20 Years From Now...

"20 YEARS FROM NOW," Mark Twain said, “you will be more disappointed by the things that you didn't do than the ones you did.”THIS online journal is dedicated to our next 20 years!

Sunday, June 5, 2016

Wild Atlantic Way: The Cliffs of Moher Meet the South Pole

The Cliffs of Moher were on our bucket list long before we learned they're the most visited natural attraction in Ireland. As impressive as the cliffs are, the visitors centre is also noteworthy. Built into the terrain one can easily spend an hour exploring the displays in this multi-level building. The glassed arch is a feature of the restaurant. 

The shops to the right of the visitors centre adds to the rather hobbit-like details.


Walking from the visitors centre to see the cliffs is quite a hike.


But the view is worth every step.


Dotted along the stairway are traditional performers. Besides being very talented they were also quite hardy to brave the elements - note the fingerless gloves.



O'Brien's Tower sits at the top of the cliff. Built in 1835 by Cornelius O'Brien who was ahead of his time in that he believed in the "build it and they shall come" theory. 



Looking to the right of the tower seemed the perfect place for a selfie.


A little wind blown, but given the inclement weather not all that bad!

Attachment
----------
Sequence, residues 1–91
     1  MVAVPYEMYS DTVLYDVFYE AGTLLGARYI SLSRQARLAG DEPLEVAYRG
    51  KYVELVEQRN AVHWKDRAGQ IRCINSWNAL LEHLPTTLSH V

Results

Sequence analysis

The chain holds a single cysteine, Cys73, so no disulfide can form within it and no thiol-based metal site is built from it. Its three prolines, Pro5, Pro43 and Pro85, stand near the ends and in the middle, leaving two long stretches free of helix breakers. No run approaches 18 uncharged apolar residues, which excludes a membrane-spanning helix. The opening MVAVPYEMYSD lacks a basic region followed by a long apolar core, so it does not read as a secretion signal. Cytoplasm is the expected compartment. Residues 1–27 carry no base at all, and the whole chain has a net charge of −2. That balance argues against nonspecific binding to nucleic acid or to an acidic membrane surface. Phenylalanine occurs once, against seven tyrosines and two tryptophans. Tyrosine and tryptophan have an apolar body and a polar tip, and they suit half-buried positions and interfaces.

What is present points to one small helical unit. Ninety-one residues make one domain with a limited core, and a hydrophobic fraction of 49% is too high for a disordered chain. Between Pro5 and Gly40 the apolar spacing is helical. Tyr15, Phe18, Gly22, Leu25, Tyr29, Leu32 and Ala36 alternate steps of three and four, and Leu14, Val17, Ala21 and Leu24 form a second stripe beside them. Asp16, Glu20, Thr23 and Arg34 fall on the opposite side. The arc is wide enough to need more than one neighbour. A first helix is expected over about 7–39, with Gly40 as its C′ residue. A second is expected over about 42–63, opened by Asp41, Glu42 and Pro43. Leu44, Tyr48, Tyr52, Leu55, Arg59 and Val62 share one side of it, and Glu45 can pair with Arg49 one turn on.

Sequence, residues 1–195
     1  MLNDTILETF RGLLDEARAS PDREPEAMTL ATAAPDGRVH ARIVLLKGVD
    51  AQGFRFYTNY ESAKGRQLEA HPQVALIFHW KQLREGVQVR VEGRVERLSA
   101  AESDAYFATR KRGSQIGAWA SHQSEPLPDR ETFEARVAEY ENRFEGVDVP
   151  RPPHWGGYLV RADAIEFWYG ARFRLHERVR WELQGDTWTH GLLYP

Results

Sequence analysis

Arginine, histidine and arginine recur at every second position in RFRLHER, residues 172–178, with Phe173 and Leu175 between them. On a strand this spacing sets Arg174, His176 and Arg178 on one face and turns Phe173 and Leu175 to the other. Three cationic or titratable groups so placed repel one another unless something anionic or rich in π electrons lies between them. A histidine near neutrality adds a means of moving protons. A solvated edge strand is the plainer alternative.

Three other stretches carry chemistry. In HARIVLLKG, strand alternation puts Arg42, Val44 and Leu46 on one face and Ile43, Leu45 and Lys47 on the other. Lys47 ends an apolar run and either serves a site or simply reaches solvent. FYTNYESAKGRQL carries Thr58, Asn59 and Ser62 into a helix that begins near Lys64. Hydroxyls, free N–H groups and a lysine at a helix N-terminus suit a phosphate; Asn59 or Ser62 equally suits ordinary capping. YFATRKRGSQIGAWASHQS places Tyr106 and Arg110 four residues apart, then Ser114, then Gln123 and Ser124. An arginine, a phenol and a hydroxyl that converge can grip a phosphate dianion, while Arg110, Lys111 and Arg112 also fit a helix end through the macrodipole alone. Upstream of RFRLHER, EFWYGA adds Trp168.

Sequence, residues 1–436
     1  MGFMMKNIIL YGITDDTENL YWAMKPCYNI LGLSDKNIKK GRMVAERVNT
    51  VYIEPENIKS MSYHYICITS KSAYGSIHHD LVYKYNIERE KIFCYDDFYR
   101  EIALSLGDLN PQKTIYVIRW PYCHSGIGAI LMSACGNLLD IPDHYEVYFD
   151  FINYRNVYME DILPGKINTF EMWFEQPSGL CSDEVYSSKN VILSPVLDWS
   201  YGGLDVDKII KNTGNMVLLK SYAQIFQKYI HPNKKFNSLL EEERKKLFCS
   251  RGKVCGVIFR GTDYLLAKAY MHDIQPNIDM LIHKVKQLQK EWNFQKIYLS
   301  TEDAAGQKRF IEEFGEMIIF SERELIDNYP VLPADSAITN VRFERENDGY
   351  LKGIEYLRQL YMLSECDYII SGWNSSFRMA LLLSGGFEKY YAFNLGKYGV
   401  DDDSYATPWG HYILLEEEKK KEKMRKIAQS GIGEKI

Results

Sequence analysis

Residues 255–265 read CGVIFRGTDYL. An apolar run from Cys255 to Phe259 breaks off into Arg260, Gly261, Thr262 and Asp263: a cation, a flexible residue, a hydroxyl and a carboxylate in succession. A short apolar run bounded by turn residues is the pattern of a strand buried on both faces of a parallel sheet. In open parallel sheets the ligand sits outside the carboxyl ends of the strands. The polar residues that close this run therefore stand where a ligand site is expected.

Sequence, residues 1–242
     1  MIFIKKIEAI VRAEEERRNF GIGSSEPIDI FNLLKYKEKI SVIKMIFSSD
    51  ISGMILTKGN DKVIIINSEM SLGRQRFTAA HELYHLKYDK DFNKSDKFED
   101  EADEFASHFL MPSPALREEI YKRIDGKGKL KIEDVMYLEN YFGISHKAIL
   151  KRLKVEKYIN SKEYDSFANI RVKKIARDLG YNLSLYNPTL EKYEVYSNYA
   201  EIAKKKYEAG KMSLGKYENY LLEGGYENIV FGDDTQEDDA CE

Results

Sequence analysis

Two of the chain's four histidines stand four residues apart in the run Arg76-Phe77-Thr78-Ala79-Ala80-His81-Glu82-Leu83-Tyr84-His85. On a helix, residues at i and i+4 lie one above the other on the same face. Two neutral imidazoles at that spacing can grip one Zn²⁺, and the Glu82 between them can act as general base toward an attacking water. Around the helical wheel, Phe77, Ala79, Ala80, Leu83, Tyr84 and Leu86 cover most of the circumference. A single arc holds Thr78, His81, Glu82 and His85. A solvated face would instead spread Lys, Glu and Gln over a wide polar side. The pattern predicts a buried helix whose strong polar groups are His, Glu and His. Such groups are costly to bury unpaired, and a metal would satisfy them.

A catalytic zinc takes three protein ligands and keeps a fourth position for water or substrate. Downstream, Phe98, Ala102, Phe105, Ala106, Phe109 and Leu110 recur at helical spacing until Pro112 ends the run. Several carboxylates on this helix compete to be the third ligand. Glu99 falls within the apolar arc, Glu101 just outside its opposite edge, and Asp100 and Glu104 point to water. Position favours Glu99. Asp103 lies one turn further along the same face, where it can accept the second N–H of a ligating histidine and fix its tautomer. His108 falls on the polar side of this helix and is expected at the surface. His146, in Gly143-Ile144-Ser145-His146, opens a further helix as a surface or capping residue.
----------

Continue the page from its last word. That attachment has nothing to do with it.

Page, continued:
From the Cliffs we continued south toward the Dingle Peninsula and at one point turned left when we should have gone right. As it was late in the day we stopped in Annascaul at the Ardrinane House B&B and that one decision turned out to be serendipitous.


Ensuite double bed room
Guest Lounge
Our B&B host recommended the South Pole Inn pub directly across the road for our evening meal. Originally owned by Tom Crean who was born in Annascaul, he participated in three expeditions to Antarctica with Shackleton and Scott and is now considered a hometown hero. When Crean returned to Annascaul he opened the pub and filled it with his personal memorabilia. Today it is mecca for Antarctica buffs.


Tom Crean
The interior also includes a 'window to Antarctica' (top right). Pull it open and listen to the deafening roar of an Antarctic storm. The recording was a gift of scientists working at the south pole to the present owner.
Interior of the South Pole Inn
It sent chills up and down my spine and reminded me far too much of winter. Burr! But I warmed up when dinner arrived. John opted for a burger while I had fish and chips. All in all another great day in Ireland.


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2 comments:

  1. Yet another wonderful blog Dianne! Would love to hike that trail. Love the pic of the two of you!!! :-) Thanks for sharing!!

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  2. Great blog! Interesting about the connection with the Antarctic. Love the 'hobbit-like' stores and, I agree with Mark, the hike to the cliffs is very desirable!

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